Like many others in the past year and a half, I found long hot showers to be a soothing and down-to-earth way to escape reality: slip in, lather up, and spend minutes (or, um, hours) getting lost in thought. Stepping out, feeling refreshed.
In fact, the post-hot shower sensation was so delightful that I overlooked the clear signs of unhappy skin afterward—redness, tightness, and itching from head to toe. But with the arrival of colder months, my already dry, sensitive skin became even more fragile (and the temptation to turn up the dial incessant), prompting me to find a better balance between comfortable showers and maintaining skin health. Ask any dermatologist, and they’ll tell you: this task begins with the right shower temperature—especially this time of year. This article delves into the best bathing and skincare habits to keep your skin soft, smooth, and radiant during winter.
So, what is the ideal shower temperature?
“Lukewarm.” Many experts unanimously agree that a temperature slightly warm to the touch, ranging between 37 to 41 degrees Celsius, feels slightly warm compared to body temperature.
Avoiding scalding high temperatures is crucial as they can damage the skin’s moisture barrier, affecting the skin’s appearance, feel, and overall health. The skin barrier, composed of skin proteins and oils, prevents moisture from evaporating, protecting the skin from external influences and serving as one of our first lines of defense against infections and pollutants.
How does cold weather impact things?
As outdoor temperatures drop, moisture evaporates from the air, prompting the evaporation of moisture from the skin’s surface. Cold winds further dry out the skin. Of course, this creates a dilemma: the colder it is outside, the warmer you want the shower to feel. While very hot showers may be more appealing in winter when we like to combat the chill, the combination of dry cold air outdoors and hot water in the shower weakens the skin barrier, resulting in drier and less appealing skin.
What about the cleansing factor?
For healthy, moisturized skin, an appropriate cleansing routine is just as important as shower temperature. The most crucial thing to know? Cleaning with harsh soaps can dry out the skin, stripping it of its natural oils and healthy bacteria. In terms of basic chemistry, true soap is a fatty acid salt. These products effectively wash away sebum and dirt, but their pH, between 9 and 10, is much higher than the skin’s natural pH, approximately 5.4. True soap disrupts the skin barrier due to this pH difference. Instead, opt for gentle, pH-balanced cleansers. Their pH is closer to the skin (5.5-7), making them more tolerable during showers.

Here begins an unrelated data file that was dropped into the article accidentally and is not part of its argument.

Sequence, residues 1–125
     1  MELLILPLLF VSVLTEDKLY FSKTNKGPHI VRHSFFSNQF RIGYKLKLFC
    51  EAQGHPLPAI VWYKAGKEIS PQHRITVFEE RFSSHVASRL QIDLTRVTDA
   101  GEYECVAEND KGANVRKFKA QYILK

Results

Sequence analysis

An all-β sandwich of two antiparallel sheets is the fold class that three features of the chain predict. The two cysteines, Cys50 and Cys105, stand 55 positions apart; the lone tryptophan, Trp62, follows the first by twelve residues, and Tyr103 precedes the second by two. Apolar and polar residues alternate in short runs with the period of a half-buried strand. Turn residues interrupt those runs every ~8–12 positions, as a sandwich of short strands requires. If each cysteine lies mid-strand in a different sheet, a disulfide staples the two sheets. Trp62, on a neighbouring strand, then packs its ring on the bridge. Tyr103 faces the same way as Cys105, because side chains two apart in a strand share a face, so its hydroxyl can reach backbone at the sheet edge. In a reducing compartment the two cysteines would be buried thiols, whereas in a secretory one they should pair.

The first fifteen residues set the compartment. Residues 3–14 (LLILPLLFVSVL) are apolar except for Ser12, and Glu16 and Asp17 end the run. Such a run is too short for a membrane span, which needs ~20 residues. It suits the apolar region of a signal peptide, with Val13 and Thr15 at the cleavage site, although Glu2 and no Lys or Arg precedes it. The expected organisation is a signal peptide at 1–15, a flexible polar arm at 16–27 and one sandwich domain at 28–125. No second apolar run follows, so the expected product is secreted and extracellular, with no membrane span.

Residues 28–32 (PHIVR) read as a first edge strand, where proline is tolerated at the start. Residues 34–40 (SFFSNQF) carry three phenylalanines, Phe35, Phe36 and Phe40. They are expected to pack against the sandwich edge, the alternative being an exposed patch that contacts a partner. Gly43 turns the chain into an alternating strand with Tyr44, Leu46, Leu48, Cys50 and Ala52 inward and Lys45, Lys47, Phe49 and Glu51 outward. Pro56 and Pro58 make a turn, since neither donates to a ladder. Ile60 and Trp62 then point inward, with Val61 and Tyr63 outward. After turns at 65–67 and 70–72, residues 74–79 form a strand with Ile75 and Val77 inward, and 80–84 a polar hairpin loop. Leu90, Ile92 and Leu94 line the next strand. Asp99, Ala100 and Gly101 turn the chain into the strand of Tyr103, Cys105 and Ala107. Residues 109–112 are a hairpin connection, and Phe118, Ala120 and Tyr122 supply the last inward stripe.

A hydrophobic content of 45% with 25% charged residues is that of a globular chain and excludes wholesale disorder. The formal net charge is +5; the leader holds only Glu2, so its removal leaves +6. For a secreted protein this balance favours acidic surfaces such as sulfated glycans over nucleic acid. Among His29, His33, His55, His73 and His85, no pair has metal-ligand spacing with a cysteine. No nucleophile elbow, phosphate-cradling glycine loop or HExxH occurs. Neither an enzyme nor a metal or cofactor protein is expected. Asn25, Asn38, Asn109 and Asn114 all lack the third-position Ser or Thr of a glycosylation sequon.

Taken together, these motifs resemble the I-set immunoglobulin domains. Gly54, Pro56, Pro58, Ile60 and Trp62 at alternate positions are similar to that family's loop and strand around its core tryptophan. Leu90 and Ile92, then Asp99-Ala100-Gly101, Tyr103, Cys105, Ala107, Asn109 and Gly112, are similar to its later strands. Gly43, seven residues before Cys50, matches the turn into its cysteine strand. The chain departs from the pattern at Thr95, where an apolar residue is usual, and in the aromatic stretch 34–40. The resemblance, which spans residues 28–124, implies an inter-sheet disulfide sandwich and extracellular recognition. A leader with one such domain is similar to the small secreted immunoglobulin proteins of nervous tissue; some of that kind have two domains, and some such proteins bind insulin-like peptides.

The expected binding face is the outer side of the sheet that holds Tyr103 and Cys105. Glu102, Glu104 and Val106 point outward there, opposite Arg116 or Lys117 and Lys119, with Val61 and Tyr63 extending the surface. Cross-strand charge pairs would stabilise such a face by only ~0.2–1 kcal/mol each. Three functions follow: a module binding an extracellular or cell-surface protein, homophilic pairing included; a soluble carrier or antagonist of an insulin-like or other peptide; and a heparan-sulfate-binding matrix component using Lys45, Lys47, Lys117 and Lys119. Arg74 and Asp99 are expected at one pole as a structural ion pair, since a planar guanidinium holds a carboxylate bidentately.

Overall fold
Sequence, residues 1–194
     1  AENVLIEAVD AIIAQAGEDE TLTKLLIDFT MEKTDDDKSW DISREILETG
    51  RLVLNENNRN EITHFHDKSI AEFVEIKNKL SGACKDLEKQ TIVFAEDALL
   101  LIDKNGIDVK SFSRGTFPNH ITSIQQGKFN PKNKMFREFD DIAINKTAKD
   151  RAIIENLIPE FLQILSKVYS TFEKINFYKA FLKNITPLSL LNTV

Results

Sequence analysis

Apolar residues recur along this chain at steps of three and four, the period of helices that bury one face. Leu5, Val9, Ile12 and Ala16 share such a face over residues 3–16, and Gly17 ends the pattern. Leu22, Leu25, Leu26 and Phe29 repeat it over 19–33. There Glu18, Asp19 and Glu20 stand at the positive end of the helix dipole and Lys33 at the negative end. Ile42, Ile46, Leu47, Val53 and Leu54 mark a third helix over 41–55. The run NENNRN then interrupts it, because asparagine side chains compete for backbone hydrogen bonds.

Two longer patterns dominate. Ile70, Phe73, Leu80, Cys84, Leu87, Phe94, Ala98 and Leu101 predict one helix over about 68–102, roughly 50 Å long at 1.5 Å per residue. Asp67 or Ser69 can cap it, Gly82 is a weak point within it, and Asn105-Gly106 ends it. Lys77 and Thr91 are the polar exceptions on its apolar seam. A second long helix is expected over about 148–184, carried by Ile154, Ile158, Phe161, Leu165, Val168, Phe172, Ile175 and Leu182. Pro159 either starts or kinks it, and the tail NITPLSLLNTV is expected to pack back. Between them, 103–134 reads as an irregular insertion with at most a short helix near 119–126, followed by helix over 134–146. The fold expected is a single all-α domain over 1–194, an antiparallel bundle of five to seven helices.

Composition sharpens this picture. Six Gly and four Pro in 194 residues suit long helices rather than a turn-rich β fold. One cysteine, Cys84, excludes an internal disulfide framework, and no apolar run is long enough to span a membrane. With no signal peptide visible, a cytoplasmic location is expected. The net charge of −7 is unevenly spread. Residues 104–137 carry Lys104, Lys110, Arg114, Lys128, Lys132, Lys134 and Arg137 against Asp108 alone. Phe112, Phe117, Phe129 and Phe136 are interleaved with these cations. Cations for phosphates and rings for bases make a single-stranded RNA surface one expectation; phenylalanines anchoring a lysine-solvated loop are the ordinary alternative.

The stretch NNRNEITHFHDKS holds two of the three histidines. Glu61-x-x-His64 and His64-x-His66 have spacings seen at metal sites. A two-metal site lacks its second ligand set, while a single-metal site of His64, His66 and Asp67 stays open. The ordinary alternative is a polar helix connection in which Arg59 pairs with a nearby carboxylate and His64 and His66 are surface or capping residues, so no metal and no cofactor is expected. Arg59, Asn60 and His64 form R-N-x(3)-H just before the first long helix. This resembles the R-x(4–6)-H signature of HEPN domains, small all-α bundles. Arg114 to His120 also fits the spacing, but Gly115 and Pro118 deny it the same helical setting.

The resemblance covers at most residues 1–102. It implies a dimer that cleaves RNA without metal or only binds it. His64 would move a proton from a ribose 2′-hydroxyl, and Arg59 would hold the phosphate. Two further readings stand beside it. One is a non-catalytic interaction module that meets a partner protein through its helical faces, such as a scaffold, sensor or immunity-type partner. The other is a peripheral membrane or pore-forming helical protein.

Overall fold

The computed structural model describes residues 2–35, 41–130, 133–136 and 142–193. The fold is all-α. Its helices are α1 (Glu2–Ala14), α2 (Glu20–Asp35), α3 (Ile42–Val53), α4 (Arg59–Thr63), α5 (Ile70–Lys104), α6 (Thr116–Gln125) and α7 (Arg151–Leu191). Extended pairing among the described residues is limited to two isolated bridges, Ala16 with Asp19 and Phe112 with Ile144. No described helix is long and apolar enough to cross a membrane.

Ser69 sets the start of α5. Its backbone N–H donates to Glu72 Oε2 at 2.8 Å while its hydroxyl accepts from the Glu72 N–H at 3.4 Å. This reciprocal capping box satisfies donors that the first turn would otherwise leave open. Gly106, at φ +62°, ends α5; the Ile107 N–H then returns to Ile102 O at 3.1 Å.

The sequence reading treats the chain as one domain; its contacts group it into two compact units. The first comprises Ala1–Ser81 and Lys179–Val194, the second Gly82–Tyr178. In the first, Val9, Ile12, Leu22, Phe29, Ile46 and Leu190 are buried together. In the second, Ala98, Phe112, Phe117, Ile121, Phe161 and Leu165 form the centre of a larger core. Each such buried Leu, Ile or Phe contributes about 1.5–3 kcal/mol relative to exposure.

What is the best way to maintain skin moisture after a shower?
When you step out of the shower, be sure to pat dry to avoid irritation. Within the first minute of patting dry, apply moisturizer. Concerning the selection of a suitable body moisturizer, two main categories need consideration: humectants and occlusives (also known as sealants). Humectant moisturizers attract moisture to the skin surface and contain magical ingredients like hyaluronic acid and glycerin. These are more breathable and less likely to cause acne. As a general rule, lotions are lighter in weight, creams are heavier. If not using an occlusive, the former applies to particularly dry skin. When needed, use an occlusive to trap moisture in the skin, noting they are often relatively greasy and usually petroleum-based. In extremely dry months, these are excellent choices for arms and legs.
Another crucial aspect of skin cleansing and moisturizing is age. As we age, the ability to retain moisture and healthy skin diminishes, typically noticed first as fall and winter skincare become more challenging. This is mainly because, on a biological level, our skin’s ability to form the so-called ‘Natural Moisturizing Factor’ or ‘NMF’ decreases. Consequently, the outer layer of our skin becomes dry, loses elasticity, and develops small cracks, resulting in a rough, dull, flaky surface. In conclusion, as time goes on, establishing healthier bathing and cleansing routines becomes increasingly important and, in the long run, pays dividends for healthy skin.Showering has a certain relationship with winter Skincare.